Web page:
Life beyond the classroom
Words by Ian Turner, Reading Development Consultant at Reading Solutions UK
Life beyond the classroom.
‘Don’t you think you should repeat Year 13 and try and improve those results?’ Mrs Russell asked.
‘No thanks Miss, I’m finished with school,’ replied the 18-year-old me, full of himself and with absolutely no intention of ever stepping foot inside a school again.
The irony was that eventually, I would spend another 15 years inside classrooms; as an English teacher, a Head of Department, a Director of English across a Multi Academy Trust, a Vice Principal of a secondary school and finally, as the Deputy Head of a middle school.
I said to my wife one morning, ‘Do you know what? I think I’m done with school now.’ And I was, but it seems that school is not done with me.
I had a variety of jobs before deciding to train as a teacher, ranging from a carpet fitter to the world’s worst postman’. Why did I become a teacher? The simple answer is that I loved my subject: English. It was my favourite subject at school. I chose it for A-Levels. I did a degree in it, and I wanted to do something with that degree. I thought I’d be a good teacher. I thought that I could get young people excited by language and inspired by stories and plays and poems in the same way that I was. I also liked the idea of twelve weeks holiday and finishing at 3.30 pm every day. But, of course, that’s not the reality.
Trust me, when I speak to schools now, with educators at any level, I know how hard you work. I know that when you have two weeks off you will work full-time for one of them. I know that from 8.30 am-3.30 pm you are teaching, tutoring, mentoring, talking to parents, training, and resolving issues that range from the hilarious to the heart-breaking. And then you go home and mark, and plan. Then sleep. Then repeat.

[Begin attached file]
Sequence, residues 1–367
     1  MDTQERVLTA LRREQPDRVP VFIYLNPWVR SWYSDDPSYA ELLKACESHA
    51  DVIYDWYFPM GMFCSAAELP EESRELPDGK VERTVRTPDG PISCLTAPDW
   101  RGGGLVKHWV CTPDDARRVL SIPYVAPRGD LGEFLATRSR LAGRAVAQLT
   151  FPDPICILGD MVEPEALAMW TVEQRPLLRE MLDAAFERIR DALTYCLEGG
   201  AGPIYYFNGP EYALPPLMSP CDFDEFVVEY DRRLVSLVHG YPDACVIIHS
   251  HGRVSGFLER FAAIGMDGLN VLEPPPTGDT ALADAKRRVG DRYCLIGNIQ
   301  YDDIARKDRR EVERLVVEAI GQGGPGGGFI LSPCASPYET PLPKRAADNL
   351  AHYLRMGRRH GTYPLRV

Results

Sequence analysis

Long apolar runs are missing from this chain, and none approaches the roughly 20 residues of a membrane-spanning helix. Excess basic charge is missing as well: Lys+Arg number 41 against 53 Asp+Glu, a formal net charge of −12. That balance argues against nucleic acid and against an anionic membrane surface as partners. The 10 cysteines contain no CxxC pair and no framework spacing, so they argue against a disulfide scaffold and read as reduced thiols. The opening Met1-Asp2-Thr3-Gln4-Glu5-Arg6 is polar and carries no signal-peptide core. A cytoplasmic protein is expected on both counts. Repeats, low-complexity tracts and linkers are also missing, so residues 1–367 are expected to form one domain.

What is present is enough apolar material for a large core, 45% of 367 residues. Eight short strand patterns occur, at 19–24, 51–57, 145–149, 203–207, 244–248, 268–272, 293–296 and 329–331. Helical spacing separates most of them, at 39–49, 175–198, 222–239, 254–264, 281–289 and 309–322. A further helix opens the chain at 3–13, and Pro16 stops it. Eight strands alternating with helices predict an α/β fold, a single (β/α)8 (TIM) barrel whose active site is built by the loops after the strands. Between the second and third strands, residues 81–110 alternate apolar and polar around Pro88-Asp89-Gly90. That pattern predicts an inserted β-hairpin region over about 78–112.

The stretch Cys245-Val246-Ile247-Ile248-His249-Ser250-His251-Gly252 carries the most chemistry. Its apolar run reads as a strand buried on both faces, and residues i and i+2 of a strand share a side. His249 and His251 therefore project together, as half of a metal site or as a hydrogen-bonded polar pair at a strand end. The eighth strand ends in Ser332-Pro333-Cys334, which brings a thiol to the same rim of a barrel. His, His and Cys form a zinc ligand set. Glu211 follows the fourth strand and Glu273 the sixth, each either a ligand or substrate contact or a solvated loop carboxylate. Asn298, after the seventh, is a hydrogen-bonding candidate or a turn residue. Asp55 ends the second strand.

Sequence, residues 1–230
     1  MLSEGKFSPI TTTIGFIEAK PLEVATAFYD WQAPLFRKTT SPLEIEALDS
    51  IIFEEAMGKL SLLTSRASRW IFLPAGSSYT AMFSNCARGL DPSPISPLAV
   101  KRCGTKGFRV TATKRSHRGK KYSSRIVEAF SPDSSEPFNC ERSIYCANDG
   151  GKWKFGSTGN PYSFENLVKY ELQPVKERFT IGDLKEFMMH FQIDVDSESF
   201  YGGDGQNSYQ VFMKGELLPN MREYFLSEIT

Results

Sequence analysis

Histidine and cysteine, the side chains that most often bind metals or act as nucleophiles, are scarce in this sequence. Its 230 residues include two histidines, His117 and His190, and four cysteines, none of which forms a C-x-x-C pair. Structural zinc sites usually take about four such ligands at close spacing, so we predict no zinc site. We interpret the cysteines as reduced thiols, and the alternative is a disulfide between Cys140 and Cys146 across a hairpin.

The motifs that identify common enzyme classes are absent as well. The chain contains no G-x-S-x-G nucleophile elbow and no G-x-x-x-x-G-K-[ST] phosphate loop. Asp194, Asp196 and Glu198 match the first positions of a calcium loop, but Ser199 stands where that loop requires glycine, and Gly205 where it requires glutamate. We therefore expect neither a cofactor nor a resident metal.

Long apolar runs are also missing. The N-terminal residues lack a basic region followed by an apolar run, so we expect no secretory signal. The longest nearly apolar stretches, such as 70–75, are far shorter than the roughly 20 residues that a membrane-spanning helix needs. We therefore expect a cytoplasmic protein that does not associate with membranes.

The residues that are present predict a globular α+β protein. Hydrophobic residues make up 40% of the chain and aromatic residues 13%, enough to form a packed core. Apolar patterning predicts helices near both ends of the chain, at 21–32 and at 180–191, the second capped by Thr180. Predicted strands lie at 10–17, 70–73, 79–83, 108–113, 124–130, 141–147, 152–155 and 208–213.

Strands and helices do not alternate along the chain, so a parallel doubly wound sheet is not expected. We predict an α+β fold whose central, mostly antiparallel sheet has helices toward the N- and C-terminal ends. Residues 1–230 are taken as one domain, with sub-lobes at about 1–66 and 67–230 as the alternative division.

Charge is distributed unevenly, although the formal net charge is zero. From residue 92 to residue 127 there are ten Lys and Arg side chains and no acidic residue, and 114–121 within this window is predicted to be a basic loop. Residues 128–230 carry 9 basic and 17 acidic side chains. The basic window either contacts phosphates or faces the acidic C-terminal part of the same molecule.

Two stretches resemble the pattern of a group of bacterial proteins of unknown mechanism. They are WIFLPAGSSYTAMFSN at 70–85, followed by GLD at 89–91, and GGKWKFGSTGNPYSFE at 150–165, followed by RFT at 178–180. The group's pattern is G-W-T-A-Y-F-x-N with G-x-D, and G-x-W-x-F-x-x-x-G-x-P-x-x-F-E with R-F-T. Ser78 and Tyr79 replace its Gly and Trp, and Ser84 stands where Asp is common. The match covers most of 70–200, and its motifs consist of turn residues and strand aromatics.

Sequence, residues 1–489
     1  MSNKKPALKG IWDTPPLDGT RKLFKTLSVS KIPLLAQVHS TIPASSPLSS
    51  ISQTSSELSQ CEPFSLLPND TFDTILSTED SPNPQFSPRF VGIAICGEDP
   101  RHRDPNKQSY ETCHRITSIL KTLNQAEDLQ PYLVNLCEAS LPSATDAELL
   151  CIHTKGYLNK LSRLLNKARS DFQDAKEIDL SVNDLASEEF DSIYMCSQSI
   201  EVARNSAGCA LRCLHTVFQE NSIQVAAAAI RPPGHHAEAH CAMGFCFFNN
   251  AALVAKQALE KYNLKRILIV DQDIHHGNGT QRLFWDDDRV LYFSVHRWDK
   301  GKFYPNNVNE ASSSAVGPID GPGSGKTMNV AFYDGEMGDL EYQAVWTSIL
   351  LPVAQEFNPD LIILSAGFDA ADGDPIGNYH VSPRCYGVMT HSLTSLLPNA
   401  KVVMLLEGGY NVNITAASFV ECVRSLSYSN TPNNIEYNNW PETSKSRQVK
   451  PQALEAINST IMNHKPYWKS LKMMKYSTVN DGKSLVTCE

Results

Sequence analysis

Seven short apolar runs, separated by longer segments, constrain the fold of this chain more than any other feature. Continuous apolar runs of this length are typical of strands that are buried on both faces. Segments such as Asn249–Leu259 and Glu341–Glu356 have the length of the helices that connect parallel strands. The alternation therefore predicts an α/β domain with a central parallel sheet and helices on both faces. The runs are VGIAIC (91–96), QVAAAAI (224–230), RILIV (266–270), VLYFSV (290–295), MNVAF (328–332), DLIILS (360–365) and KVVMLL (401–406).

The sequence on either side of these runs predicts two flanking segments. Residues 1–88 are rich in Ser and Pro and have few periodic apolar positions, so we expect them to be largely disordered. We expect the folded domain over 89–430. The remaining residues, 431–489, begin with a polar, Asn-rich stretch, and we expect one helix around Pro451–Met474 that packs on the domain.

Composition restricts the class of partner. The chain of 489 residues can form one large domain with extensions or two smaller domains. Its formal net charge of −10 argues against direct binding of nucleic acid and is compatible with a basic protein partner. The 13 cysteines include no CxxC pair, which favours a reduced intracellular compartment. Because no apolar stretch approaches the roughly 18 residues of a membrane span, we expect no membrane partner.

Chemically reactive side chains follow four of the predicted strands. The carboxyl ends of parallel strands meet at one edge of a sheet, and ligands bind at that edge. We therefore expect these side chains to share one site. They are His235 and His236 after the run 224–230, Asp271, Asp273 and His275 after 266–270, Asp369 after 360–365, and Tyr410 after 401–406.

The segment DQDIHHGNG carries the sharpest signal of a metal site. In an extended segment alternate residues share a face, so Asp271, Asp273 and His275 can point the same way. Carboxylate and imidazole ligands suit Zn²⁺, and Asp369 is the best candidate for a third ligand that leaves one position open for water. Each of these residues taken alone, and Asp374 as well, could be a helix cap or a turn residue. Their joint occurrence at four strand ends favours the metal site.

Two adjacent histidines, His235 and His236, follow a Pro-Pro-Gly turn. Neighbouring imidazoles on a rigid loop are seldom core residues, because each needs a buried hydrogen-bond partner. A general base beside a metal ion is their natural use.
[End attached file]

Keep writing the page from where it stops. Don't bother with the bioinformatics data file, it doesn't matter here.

There were plenty of times when I set off for work before my daughter was awake and came back from work after she’d gone to bed. I’d also found myself in a situation where the further up the ladder I climbed, the further away I got from what I loved about the job – getting young people to be excited about reading. Of course, there were other, outcome-centric ways where I made a difference, and had a positive impact, and contributed to social mobility etc, but it wasn’t quite the same as knowing that someone would be lost in a book or reading a story 60 years from now to their grandchildren, because of that moment in my classroom when reading stopped being a chore and became something wonderful.
Deciding to leave school, at the age of 40, was a little scary. What else can I do? Am I institutionalised? Will I allow people to ask me questions without putting their hands up? I put some of my English knowledge to good use by editing other people’s books and preparing them for publication, wondering if a job existed where I could still make a difference in young people’s lives, create a buzz about reading, utilise the skills honed for over a decade-and-a-half, without slipping on the lanyard and returning to the classroom. Fortunately, there was.
Reading Solutions UK is the sole reseller of Reading Plus in the UK, a unique online programme to develop silent reading fluency, comprehension, vocabulary, and reading stamina and motivation. Amongst research and writing whitepapers, I support schools in launching the programme with their pupils, using the diagnostic data, understanding how the programme adapts its’ personalised instruction for each child and making the most of the intervention resources available to develop comprehension and comprehension-based silent reading fluency. Together with a great group of colleagues, I can genuinely see the impact on tens of thousands of children in their ability and desire to read. I also see it first-hand with my daughter, who uses it in her school. She was never a reluctant reader, but neither was she particularly enthusiastic about it. Now when I get home (which is before she goes to bed) she’s desperate to tell me about what she read that day on Reading Plus.
So, I took the leap, left something I loved in search of a greater balance, and I found it. There is life after the classroom, even if I haven’t completely left school yet. I’ve also had time to begin a master’s in creative writing, and recently had my first piece of writing published by Every Day Fiction. Feel free to read it here: https://everydayfiction.com/the-final-hour-of-katherine-wylam-by-ian-turner/ – it’s set in a library and features some books.